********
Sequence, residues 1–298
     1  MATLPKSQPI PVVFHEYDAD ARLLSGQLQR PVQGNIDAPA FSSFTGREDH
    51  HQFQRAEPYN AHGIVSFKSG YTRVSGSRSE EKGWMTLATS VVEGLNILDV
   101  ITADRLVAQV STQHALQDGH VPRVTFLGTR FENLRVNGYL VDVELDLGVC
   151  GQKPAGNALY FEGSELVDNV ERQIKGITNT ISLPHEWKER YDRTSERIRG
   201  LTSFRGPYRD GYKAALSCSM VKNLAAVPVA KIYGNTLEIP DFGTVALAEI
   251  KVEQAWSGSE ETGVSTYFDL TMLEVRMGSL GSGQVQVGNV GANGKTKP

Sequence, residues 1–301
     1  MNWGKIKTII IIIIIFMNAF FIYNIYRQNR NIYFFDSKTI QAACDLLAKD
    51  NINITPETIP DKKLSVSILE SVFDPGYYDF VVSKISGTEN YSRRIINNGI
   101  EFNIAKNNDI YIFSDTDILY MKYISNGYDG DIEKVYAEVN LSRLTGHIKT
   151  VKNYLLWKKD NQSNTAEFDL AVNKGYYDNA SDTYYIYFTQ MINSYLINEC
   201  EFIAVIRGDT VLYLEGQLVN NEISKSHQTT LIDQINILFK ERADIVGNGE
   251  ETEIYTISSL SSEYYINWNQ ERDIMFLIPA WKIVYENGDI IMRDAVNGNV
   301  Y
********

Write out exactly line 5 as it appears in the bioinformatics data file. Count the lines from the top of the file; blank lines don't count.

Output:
   151  GQKPAGNALY FEGSELVDNV ERQIKGITNT ISLPHEWKER YDRTSERIRG